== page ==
Perianal Crohn's Disease
Treatment, causes, symptoms, diagnosis
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How is Perianal Crohn's Disease Treated?
Treatment of perianal Crohn's disease should be tailored to the symptoms of the individual. Thus, it's really important that your evaluation includes clinical history and examination; assessment of intestinal disease; and assessment of perianal disease.
In order of priority, the phases of treatment for perianal Crohn's disease are:
Conservative Treatment of Perianal Crohn's Disease
In patients with Crohn's disease who have skin tags, hemorrhoids, and/or fissures, conservative management is advised because of the post-operative risk of poor wound healing, anorectal stenosis and the potential need for subsequent proctectomy (removal of the rectum). Methods employed include local measures (e.g., sitz baths, topical steroids, local Xylocaine) and stool modulating agents.
Hemorrhoids are uncommon in Crohn's disease. The most important aspect of the treatment of “hemorrhoids” in patients with Crohn's disease is the differentiation of hemorrhoids from anal skin tags.
Anal fissures tend to be painless and eighty percent heal with conservative treatment.
Surgery for skin tags, hemorrhoids and asymptomatic fissures rarely achieves healing and is frequently associated with complications. Thus, the principle of “do no harm” should be remembered; skin tags, hemorrhoids and asymptomatic fissures should be left alone.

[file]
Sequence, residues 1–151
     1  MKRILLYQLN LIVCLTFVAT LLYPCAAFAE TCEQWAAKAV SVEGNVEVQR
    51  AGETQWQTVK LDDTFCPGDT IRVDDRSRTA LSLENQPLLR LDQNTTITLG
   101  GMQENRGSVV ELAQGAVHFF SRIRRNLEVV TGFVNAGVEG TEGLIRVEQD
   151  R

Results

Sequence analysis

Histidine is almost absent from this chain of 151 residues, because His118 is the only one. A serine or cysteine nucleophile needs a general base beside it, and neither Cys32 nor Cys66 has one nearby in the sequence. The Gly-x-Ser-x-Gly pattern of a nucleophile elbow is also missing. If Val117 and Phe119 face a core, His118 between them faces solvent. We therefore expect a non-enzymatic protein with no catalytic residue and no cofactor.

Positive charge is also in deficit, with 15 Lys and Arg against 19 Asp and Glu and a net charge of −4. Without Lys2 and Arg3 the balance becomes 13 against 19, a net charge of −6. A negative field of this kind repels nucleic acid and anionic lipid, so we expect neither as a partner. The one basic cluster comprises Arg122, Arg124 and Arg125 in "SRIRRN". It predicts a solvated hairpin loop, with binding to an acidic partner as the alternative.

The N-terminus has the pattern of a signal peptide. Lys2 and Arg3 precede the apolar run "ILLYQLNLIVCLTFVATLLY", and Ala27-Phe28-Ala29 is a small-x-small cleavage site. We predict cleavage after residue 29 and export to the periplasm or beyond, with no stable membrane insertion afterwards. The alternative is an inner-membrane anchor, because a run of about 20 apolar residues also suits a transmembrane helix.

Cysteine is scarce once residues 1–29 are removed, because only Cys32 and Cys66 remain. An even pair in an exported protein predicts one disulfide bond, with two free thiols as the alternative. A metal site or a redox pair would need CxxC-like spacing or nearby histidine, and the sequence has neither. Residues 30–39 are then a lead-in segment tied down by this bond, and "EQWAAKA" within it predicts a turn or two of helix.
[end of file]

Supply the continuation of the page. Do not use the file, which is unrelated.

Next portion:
Drugs for Perianal Crohn's Disease
Several drugs are used for the treatment of perianal fistulas in Crohn's disease.
Antibiotics such as metronidazole and ciprofloxacin have been used on the basis that bacterial flora contribute to perianal disease; however, the disease tends to recur once the antibiotics are discontinued.
Cyclosporin results in an 80% response rate but the benefits are often temporary and side-effects may include hypertension, renal failure and secondary infections.
Infliximab, an antibody that blocks the action of TNF-α, a harmful inflammatory cytokine produced by macrophages in the intestine, has been shown in two clinical trials to be effective in promoting the closure of fistulas. There is also some evidence that there is a better response rate and longer time to recurrence when infliximab treatment is preceded by seton placement.
Steroids are commonly used in the treatment of Crohn's disease but there is less evidence to suggest a benefit in perianal disease. In fact, steroids may prevent the healing of fistulas and lead to abscess formation.
Patients with perianal Crohn's disease are resistant to steroids. Topical aminosalicylates, given as enemas, may provide a targeted treatment.i
Surgical Procedures for Perianal Crohn's Disease
Treatment of a fistula aims to stop it from recurring and depends on where the fistula lies.
Seton: High anal fistulas are treated with draining setons usually in combination with infliximab therapy and immunosuppressives. A seton is a length of suture material looped through the fistula which keeps it open and allows pus to drain out. A seton can be left in place long-term to prevent problems. This is the safest option, although it does not cure the fistula.